Along with the micro-story challenges in the First Friday Fix emails, the Writers' Centre planned to profile members of their Furious Fiction Fan Club. And yours truly was invited to be the first fan profile!
Furious Fiction Fan Profile
It was an honour to be asked to be profiled in the first First Friday Fix email. All I had to do was provide a photo, my Twitter and Facebook handles, and answer a few questions:
What do you love most about Furious Fiction and writing short stories?
I quote Neil Gaiman (with his kind permission): "Short stories are tiny windows into other worlds and other minds and other dreams. They are journeys you can make to the far side of the universe and still be back in time for dinner." I'm addicted to the escapism of writing short stories! (As I wrote in the introduction to my short story collection.)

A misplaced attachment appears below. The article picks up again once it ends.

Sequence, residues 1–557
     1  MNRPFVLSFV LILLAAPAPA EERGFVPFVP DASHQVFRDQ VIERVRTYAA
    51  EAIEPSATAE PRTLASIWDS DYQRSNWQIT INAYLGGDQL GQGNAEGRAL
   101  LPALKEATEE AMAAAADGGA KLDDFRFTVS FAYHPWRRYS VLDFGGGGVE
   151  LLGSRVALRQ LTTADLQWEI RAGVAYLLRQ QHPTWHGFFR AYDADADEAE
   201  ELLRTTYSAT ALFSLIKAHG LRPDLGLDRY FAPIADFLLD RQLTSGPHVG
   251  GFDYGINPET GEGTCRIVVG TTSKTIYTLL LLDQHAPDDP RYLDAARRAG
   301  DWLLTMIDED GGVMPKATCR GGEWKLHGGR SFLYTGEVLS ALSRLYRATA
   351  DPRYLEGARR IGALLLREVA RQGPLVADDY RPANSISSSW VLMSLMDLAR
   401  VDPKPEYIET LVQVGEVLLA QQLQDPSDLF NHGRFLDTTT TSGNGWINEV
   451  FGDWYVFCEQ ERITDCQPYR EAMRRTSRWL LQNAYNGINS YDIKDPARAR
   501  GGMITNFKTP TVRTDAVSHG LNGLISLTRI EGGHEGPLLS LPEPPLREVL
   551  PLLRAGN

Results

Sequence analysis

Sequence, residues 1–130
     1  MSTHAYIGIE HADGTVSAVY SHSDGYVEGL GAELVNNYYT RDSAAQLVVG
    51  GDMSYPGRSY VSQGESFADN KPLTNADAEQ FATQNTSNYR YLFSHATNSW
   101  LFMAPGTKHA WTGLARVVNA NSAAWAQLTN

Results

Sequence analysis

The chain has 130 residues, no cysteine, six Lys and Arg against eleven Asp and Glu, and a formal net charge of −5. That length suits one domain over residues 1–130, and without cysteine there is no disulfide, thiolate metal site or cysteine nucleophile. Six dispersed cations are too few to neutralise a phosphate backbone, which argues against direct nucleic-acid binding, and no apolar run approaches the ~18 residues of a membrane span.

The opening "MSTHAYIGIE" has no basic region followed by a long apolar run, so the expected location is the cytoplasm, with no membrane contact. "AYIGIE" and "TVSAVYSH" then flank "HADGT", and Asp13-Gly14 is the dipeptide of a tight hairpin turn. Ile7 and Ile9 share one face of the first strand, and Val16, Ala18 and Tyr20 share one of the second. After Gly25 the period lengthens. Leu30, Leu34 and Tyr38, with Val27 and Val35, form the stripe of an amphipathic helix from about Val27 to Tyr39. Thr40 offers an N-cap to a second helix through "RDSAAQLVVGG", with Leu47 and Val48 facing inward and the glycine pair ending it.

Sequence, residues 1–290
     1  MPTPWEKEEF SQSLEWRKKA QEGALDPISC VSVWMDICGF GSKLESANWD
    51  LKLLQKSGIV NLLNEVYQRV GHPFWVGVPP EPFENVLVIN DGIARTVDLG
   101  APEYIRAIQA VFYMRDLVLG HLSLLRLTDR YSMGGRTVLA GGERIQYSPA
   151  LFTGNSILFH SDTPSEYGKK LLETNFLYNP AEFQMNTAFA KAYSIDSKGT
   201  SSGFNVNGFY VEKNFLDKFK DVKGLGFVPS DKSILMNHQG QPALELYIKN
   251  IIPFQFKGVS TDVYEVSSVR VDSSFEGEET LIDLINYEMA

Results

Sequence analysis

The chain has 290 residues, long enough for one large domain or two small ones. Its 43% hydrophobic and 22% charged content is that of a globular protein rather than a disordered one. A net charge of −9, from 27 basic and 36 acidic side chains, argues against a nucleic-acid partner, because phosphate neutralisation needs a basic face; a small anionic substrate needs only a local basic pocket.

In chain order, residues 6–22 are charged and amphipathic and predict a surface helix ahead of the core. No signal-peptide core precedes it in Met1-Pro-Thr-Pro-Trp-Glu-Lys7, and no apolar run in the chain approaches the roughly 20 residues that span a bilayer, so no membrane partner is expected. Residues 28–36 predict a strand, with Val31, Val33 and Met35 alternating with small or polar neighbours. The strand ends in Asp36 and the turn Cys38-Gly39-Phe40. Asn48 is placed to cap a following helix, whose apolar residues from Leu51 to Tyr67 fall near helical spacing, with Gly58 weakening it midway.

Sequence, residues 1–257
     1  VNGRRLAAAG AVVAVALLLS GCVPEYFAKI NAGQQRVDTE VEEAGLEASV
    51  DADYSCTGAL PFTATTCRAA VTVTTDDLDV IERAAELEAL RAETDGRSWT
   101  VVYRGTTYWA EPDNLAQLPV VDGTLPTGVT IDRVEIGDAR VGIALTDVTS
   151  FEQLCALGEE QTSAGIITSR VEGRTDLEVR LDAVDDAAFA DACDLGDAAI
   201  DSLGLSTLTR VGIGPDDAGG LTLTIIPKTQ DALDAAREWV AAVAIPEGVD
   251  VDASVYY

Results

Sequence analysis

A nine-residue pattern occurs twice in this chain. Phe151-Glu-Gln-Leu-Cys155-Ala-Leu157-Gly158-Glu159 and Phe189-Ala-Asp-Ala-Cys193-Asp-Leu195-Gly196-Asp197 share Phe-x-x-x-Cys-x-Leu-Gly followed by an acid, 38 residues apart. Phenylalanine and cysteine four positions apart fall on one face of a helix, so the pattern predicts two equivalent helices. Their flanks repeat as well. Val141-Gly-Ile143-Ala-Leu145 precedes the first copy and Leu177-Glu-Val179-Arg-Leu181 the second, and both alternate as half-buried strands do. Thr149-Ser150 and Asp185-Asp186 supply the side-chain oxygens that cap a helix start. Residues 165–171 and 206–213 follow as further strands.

What's been your favourite Furious Fiction challenge/story so far?
Choosing is difficult – it's like being asked to choose a favourite child. (Fortunately for my son and me, he's an only child!) However, I am particularly proud of July 2020's short story, "Too Late, Lenny". The story had to take place at either a WEDDING or a FUNERAL. So I set it at Lenny's funeral, streamed over Zoom due to COVID restrictions. And my narrator is his old friend, Bob, who talks to the departed Lenny and recounts their friendship. I later narrated the story for my Tall And True Short Reads podcast. And whenever I listen to this episode, it still sends a chill up my spine.
Favourite AWC course?
I did 2 Hours to Scrivener Power with Natasha Lester. I'd had Scrivener for a while but had struggled to get my head around all the options. Natasha cut through its complexity and focused on the key functionality needed to write with Scrivener.